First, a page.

Official Betting and Sportsbooks

Official betting has emerged as one of the primary battlefronts in the leagues’ quest to shape US sports gambling policy. Leagues want to be primary stakeholders in legal sports betting and profit from it, ideally via a direct cut of all US wagers. They are willing to concede a lot to make that happen. They have backed off from their previous opposition to gambling, seeking to monetize the sport’s intellectual property through official data and other means.

Several states have mandated that sportsbooks use official data. Some have included a caveat that allows operators to circumvent the data requirement if they can show that such official data is not available on commercially reasonable terms. But even that qualifier doesn’t provide much of a safety net. In fact, the initial terms dictated by the leagues aren’t particularly reasonable to begin with.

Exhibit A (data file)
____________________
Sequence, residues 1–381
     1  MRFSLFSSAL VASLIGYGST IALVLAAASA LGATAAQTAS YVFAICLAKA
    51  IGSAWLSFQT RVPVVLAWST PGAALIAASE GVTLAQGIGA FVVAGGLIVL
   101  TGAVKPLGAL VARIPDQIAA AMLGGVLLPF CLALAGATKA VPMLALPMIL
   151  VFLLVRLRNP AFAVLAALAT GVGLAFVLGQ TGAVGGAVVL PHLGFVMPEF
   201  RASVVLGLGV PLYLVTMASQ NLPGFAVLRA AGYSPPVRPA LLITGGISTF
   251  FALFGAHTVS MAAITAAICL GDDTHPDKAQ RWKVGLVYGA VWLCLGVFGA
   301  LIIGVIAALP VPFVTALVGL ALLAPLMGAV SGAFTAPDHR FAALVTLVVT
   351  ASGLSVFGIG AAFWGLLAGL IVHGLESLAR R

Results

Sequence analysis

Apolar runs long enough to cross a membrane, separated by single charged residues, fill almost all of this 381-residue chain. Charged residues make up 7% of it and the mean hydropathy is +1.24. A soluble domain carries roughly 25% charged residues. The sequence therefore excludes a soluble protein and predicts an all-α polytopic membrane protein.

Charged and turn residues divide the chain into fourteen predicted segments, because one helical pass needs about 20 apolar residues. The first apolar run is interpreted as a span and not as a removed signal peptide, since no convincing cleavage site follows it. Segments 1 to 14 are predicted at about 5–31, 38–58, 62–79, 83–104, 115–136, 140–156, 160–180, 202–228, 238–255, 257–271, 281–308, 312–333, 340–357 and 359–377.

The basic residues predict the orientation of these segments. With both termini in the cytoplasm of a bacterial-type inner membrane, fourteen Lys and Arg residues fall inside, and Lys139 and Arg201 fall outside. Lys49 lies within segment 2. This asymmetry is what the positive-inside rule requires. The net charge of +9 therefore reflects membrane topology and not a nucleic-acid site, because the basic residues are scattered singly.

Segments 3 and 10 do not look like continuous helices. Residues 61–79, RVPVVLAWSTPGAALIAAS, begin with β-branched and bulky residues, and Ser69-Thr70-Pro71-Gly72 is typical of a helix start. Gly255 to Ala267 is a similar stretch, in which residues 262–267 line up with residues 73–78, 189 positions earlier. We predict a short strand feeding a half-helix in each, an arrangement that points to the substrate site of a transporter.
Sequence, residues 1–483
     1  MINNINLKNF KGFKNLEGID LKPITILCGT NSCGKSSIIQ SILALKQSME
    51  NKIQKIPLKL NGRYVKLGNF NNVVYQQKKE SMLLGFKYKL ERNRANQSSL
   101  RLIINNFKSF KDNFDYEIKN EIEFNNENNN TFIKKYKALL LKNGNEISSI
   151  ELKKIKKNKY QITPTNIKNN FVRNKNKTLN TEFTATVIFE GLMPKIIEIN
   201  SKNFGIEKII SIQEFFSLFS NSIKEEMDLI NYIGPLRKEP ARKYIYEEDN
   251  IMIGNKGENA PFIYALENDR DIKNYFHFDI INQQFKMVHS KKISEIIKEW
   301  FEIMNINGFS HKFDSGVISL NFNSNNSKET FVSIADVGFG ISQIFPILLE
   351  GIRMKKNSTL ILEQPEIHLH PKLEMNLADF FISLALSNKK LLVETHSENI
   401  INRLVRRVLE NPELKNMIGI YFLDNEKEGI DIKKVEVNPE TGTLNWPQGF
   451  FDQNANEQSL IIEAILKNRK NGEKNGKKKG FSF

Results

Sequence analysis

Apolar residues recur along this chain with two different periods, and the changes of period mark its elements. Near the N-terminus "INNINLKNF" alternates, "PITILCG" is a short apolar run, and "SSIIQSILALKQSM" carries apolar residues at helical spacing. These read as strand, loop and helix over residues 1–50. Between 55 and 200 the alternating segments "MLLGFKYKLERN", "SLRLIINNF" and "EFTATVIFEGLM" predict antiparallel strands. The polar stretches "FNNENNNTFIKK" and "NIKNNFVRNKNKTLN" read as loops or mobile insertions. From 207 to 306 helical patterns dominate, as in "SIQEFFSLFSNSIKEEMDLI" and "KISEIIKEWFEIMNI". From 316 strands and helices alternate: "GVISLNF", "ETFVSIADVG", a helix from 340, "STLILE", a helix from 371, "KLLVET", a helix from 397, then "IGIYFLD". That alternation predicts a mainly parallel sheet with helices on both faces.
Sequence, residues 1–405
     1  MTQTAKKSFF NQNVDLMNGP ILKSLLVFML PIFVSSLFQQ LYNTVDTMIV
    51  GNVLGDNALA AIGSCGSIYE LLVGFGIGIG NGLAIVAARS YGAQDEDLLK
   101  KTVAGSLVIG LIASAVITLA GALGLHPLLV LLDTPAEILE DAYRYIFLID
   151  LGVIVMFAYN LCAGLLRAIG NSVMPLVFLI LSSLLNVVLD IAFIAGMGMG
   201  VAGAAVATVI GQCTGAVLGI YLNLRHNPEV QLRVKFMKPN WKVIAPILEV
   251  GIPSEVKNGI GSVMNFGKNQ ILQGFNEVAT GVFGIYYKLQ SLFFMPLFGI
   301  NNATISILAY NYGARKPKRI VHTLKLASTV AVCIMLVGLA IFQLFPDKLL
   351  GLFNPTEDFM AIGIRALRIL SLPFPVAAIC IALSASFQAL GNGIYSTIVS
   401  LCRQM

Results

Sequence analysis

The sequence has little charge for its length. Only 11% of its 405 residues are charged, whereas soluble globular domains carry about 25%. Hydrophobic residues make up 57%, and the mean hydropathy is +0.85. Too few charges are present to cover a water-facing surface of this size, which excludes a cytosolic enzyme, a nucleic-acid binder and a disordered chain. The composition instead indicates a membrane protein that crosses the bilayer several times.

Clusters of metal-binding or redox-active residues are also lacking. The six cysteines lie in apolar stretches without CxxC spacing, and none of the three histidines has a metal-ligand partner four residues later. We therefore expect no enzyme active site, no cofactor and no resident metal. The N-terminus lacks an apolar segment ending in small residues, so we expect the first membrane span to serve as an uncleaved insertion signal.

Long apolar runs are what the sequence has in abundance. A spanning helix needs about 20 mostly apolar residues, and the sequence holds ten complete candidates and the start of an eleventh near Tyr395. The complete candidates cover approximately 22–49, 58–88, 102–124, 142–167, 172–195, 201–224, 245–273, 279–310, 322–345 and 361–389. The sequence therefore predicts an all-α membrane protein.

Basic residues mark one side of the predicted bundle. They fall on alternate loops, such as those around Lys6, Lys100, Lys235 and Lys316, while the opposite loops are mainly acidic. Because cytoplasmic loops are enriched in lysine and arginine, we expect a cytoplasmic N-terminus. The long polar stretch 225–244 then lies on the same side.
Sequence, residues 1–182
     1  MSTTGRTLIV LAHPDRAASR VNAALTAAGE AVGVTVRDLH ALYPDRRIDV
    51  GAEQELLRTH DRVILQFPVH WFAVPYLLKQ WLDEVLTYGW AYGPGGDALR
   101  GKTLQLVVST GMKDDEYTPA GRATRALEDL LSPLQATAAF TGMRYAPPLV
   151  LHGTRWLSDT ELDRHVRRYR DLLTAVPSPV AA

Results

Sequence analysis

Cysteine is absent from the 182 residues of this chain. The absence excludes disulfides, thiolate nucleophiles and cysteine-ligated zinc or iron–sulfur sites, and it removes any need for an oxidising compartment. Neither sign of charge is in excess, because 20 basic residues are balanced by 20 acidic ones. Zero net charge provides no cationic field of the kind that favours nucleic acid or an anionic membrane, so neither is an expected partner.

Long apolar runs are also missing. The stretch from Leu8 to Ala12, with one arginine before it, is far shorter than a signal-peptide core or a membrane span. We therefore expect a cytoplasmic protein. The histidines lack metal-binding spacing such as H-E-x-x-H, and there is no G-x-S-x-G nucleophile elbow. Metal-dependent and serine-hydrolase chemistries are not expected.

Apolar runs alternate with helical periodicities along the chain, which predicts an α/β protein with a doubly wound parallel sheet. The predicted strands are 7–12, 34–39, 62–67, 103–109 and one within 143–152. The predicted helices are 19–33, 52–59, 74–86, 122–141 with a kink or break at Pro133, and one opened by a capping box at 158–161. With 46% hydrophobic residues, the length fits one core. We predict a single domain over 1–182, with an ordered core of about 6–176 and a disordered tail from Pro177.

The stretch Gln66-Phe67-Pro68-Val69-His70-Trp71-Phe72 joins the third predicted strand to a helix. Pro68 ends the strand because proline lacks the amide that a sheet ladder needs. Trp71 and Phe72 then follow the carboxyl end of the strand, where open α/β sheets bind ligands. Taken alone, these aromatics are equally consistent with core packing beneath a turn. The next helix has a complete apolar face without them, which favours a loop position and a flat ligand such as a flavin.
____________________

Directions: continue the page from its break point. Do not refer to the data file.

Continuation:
In the case of NBA games, for instance, sportsbooks are required to use official data for Tier 1 wagers – those that involve the final score or outcome of the game. That means that Tier 2 wagers – those on in-game events – are not subject to the same data requirements.

Sportsbooks offer a wide range of bets, including futures and money lines for individual teams. In addition, many sportsbooks offer a variety of props, which are bets on aspects of a game. For example, some bets on championship games will be settled based on the team that immediately lifts the trophy.